Being in a country that is heterogeneously Buddhist is intriguing. There are shrines everywhere; hotel lobbies, gas stations, inside or in front of people’s homes and stores, on the roadsides, on a street corner. Monks, too are everywhere. Wait a few minutes and one or two or twenty will appear. Out of a forest, on a path, in the market, in an airport, at a monastery. I have heard the Buddha life story multiple times with little variation though sometimes with a bit more embellishment depending on the depth of knowledge of the speaker, interest of the listener and the region. In Myanmar and I imagine elsewhere in countries that practice Buddhism there is a rite of passage ceremony that marks the boy’s entry into the Buddhist community: Novitiation, the honor of becoming a novice monk.
As we were driving back from Hsipaw into Mandalay , I spotted a procession with riotous color and golden carriages pulled by oxen riding alongside a wall of ruins. I asked to stop the car for a photo and Sithu says, “It’s a Novitiation “. I’m thinking, O.K. that’s cool, and then I see an elephant all decorated in gold and red at the head of the procession and Sithu and I jump out of the car and start running to catch up with the elephant. I want to take a picture of the costumed children in the cart but Sithu grabs me and says come on. He stops a motor bike driver, he says something, I jump on and we are off riding down a village road tailing the elephant. The mahout slows the beast and lets me take pictures. Steve and Sithu have corralled another bike and have arrived at the scene. The boy in white in the howdah is the only son of the donor who is sponsoring the whole village’s children’s Novitiation. All the golden carts with oxen, the food and entertainment are paid for by this boy’s parents.
The bike driver motions me back on the bike and we scoot into the center of the village where the music is blaring and the entire village throng is in their best dress walking towards their pagoda. The carts are now empty of their young passengers. The children are made up to be as beautiful as a prince and are transported in carts so their feet do not touch the ground. It is connected to the Buddha life story when Siddhartha Gautama was a prince and as royalty was transported by carriage. He ultimately renounces his kingdom and leaves the palace to pursue his path for truth. That is what tomorrow is about for these young people.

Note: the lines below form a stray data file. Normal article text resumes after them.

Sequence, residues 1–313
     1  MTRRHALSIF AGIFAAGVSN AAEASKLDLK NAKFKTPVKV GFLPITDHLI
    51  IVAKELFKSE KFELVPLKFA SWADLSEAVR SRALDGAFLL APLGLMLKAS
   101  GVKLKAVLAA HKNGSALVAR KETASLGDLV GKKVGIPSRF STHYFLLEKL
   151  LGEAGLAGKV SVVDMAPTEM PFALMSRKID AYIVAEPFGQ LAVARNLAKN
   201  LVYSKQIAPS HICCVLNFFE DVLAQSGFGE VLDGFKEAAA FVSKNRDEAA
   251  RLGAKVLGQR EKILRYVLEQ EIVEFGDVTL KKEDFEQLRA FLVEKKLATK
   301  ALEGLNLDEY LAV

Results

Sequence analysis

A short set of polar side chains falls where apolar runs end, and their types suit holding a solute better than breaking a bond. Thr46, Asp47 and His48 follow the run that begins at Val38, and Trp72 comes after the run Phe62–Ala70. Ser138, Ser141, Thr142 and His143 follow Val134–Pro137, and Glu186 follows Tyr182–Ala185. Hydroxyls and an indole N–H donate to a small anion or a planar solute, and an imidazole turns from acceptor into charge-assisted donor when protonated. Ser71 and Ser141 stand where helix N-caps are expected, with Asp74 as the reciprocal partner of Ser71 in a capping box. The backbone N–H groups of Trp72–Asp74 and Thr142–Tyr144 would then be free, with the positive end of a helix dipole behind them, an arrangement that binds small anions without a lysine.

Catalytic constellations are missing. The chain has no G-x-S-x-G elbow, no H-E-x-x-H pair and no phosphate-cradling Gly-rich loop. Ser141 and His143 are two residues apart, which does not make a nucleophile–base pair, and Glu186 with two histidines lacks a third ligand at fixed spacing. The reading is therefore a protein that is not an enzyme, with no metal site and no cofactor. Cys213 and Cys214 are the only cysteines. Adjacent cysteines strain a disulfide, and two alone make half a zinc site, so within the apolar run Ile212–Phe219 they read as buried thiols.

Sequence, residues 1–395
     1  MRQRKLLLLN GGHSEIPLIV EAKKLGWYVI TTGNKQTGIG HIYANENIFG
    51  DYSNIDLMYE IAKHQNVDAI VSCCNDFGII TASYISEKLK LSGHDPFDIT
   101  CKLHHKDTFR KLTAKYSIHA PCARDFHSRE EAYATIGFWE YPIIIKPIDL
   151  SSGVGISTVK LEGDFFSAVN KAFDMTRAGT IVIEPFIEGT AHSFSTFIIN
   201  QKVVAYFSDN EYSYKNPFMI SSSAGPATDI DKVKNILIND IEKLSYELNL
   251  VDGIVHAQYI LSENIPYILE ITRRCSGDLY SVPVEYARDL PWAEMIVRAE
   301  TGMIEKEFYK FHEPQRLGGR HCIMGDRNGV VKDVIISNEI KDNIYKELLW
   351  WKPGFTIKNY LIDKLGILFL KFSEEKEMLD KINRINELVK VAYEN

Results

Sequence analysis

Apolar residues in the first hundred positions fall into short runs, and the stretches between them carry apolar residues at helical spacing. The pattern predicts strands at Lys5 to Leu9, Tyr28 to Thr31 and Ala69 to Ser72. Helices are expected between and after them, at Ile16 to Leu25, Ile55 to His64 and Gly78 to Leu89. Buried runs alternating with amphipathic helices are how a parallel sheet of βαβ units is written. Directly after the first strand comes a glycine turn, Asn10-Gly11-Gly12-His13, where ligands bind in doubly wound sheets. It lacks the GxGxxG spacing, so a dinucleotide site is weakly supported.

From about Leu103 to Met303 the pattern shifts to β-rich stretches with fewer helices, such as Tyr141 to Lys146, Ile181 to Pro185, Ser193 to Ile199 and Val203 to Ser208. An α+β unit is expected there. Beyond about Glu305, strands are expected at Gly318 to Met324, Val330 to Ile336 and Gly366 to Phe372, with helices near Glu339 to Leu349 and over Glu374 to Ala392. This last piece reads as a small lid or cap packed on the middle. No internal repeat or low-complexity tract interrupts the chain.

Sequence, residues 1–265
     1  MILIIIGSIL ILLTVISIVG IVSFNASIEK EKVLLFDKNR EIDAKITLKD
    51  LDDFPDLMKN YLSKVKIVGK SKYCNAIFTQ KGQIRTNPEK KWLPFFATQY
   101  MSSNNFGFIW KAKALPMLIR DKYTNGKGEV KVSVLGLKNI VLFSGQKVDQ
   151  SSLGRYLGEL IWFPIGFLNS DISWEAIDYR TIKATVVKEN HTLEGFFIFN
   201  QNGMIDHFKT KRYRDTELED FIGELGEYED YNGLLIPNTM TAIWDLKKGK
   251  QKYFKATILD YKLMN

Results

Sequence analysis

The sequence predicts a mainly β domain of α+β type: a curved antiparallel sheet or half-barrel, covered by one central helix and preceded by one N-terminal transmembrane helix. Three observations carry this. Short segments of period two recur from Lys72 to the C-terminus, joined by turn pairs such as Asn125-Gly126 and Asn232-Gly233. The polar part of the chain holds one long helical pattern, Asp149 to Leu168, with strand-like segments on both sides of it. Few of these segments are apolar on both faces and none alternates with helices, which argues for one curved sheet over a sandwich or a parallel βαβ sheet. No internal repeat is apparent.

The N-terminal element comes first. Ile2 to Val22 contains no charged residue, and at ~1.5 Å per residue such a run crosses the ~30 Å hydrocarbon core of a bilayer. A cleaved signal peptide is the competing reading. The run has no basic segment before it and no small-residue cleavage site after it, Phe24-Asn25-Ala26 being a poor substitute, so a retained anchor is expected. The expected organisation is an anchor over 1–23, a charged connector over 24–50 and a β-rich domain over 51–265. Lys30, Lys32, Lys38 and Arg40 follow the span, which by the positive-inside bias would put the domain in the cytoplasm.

For now, the party is just beginning. The parents lead the adults into the pagoda; the dad carrying the alms bowl and the mother holding the folded red robe of the novice monk. A Novitiation takes a couple of days. We are seeing the beginning of the ceremony with the entourage and village feast. Tonite there will be dancing and a bigger feast. Tomorrow their head is shaved, they are consecrated, and they don the robes and depart for the monastery where they will live with monks and learn the Buddhist doctrine for a week at least. We learn that beginning of summer when school is closed is when these ceremonies usually take place. It is a rare spectacle for an outsider to witness and we were the only foreigners. It does not happen every year. It is so expensive that brothers and sisters (girls have an ear piercing ceremony) and all boys who have not been novices yet no matter their age can participate. The whole village volunteers with food, cleanup and logistics. The children can be five or younger especially if an older brother is going to be a novitiate. Sponsoring one event per family is enough.
We could not believe our luck. We finally said goodbye with a fullness of spirit and gratitude.